My watercolour seagull painted quite loosely using wet into wet in the early stages then tightening to drier work as the painting progressed. You can see the “spatter” that seems to find it’s way into most of my paintings.
There are so many brilliant watercolour artists around these days aren’t there?
Just a brief search on Google brings up a plethora of distinctive styles all using this elegant and mercurial medium.
There are many techniques, approaches and special additives you can add to watercolour to experiment further with different effects.
Being immersed in art we all feed off one another to a degree – one idea may spark another in yourself and off you go in a new direction. At the end of the day everyone will paint the same subject in a different way.
Watercolour Koi carp using wet into wet technique on the fish’s body to get those fabulous and distinctive scarlet-orange blotches with lost and found edges
Although my style varies from year to year and from subject to subject I find that there are 5 qualities that I can’t seem to do without in my paintings.
These are things that seem to satisfy me as a way of expressing who I am and perhaps – admittedly – fill the need to feel I am working with all my faculties to use the medium in such a way as to showcase its unique qualities.
For example – I don’t like to use the drybrush method very much as I feel it just kills the medium. Drybrush is where you use the bare minimum of moisture – just sufficient to get some paint on to your brush basically – and paint in a very tight and detailed way.
A simple lemon study I did for my class displaying strong tonal values from light to mid to dark using only yellow and purple – no tube black!
Conversely – I don’t like to use great dollops of paint in thick applications either as I feel this ends up looking like a painting done using hobby poster paints.
Simple nastursim leaf study – here I like to avoid a solid block of colour and use varying degrees of tone and different shades of green to inject life and interest into my work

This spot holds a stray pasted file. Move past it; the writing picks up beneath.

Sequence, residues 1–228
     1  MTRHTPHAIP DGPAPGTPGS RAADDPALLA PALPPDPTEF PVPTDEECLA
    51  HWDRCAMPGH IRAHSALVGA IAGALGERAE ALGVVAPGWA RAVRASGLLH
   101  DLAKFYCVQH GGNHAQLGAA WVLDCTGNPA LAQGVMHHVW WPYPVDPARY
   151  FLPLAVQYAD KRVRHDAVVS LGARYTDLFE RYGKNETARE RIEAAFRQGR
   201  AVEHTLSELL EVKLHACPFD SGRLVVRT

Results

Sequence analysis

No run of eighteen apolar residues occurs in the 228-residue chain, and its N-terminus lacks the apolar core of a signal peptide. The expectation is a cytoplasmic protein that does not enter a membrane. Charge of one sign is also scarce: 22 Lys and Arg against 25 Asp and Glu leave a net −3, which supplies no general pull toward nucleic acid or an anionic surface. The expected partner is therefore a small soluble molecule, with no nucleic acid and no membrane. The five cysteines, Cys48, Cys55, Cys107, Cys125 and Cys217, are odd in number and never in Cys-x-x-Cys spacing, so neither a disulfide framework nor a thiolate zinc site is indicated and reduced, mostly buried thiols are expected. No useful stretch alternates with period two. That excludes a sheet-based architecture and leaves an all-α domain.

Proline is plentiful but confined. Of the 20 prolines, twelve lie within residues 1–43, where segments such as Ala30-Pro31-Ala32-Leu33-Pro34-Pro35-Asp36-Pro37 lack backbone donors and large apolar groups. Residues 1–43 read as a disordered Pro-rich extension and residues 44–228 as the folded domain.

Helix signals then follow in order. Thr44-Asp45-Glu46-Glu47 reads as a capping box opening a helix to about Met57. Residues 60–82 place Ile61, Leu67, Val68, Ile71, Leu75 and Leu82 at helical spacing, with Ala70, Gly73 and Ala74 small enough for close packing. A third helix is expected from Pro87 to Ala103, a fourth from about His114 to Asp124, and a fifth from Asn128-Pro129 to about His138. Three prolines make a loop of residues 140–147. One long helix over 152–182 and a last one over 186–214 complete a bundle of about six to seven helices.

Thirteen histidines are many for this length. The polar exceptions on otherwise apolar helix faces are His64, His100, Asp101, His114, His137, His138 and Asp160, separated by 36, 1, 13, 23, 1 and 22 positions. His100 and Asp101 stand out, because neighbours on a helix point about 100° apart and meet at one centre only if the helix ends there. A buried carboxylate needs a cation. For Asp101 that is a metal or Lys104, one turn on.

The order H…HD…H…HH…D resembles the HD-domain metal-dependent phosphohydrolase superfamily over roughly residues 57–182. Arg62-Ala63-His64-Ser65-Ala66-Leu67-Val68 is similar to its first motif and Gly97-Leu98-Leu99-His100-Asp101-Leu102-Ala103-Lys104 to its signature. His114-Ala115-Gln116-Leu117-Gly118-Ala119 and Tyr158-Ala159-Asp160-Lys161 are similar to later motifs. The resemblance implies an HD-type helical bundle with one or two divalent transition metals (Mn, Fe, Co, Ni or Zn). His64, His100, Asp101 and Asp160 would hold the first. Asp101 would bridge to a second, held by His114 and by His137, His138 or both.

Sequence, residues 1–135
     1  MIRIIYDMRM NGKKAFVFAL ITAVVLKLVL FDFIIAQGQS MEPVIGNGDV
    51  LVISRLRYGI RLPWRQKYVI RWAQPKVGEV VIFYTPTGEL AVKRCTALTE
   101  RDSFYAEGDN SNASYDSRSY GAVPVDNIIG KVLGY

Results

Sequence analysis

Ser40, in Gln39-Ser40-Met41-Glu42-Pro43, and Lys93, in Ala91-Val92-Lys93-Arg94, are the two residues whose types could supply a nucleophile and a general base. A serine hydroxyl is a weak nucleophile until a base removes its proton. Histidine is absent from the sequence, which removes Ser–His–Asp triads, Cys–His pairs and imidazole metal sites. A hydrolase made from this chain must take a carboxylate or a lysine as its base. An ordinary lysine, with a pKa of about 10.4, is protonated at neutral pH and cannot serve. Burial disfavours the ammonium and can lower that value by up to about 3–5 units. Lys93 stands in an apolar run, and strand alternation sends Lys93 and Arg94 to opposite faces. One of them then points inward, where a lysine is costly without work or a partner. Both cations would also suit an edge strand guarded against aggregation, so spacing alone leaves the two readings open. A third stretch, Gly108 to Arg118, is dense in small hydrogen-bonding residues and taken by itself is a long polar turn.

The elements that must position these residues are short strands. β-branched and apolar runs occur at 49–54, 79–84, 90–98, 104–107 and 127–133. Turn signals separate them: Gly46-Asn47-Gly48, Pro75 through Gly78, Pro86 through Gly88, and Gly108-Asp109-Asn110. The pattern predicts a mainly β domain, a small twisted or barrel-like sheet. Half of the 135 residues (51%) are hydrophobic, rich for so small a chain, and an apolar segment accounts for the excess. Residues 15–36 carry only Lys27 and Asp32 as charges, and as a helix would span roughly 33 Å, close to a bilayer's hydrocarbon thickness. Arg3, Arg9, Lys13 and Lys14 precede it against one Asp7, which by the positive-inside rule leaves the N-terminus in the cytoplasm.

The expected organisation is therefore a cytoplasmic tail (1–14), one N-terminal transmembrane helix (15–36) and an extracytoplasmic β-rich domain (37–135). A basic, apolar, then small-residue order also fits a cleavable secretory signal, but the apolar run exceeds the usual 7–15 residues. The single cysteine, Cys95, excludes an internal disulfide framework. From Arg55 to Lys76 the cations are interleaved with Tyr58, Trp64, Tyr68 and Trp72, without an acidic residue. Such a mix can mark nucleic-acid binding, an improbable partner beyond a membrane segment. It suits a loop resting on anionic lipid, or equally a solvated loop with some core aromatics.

For me it is about a happy medium (excuse the pun!) of using delicious and delicate yet vibrant veils of colour – usually applied wet into wet layer after layer.
Within that general approach of application I have 5 specific habits that produce 5 specific qualities – which give me the most fun and satisfaction:-
- avoiding using solid passages of colour – I just can’t seem to paint – nor do I desire to paint in a perfectly even flat way. I like to keep washes irregular with pale, medium and darker areas all intermingling.
Why? Because I feel solid blocks of colour are dead – there is no gradation and no life!
2. creating “lost and found” edges in my painting – this means making for example the stem of a flower have some paler edges so that it isn’t regular all the way along.
WHY? Because I reckon that viewers only need – and in fact like – a little information. If you are painting a still life – people can see that there are apples, pineapples, a bottle of wine etc and so don’t need you to make a complete outline of each item. Suggestions are good enough and letting edges slip into nothingness adds to the poetry and mystery of a painting and also provide some “oxygen” in those “gaps” for the viewer and the elements to breathe.
3. I never use tube black and always mix dark darks using blues, browns, dark reds and dark greens.
WHY? Because these mixes produce a rich velvety dark that says “black” well enough and also separates into the two hues to a degree. The result is an interesting “alive” black that has more depth to it. I always tell my students that to me using tube black is tantamount to stamping the word “Amateur” across your painting! I jest – but in all seriousness I think mixed blacks lend a much more painterly quality to paintings – especially the when using such a delicate medium as watercolour.
4. Spatter! I can’t seem to resist flicking some dilute wash colour using a floppy mop brush right at the end of my paintings.
WHY? I feel it somehow adds a unifying quality to different areas of the painting and can add a touch of magic or whimsy – especially to my playful animal paintings. That said – I have also used it in more “serious” subjects for a signature flourish and a burst of energy.
5. and finally – readable tones. I like to establish well defined tones of lights, mids and darks at the outset.
WHY? Because this is he underpinning – the framework for the whole painting. If you do not establish good strong tonal patterns then no amount of prettily applied paint and detail work will save it.
This article that I wrote for Leisure Painter a few months ago shows how to paint a black dog without using tube black and by developing clearly discernible tonal values.
To view my animal art gallery please visit anytime via clicking THIS TEXT – EASTWITCHING
My art group – everyone will do their own version using watercolour in their own individual way!
Do you have any preferred habits or qualities in your work?
If so please share them with us in the comments below and watch out for my next post – thanks for reading – meantime – if you fancy watching one of over 200 of my watercolour video tutorials then hop over to my YouTube CHANNEL HERE! Alison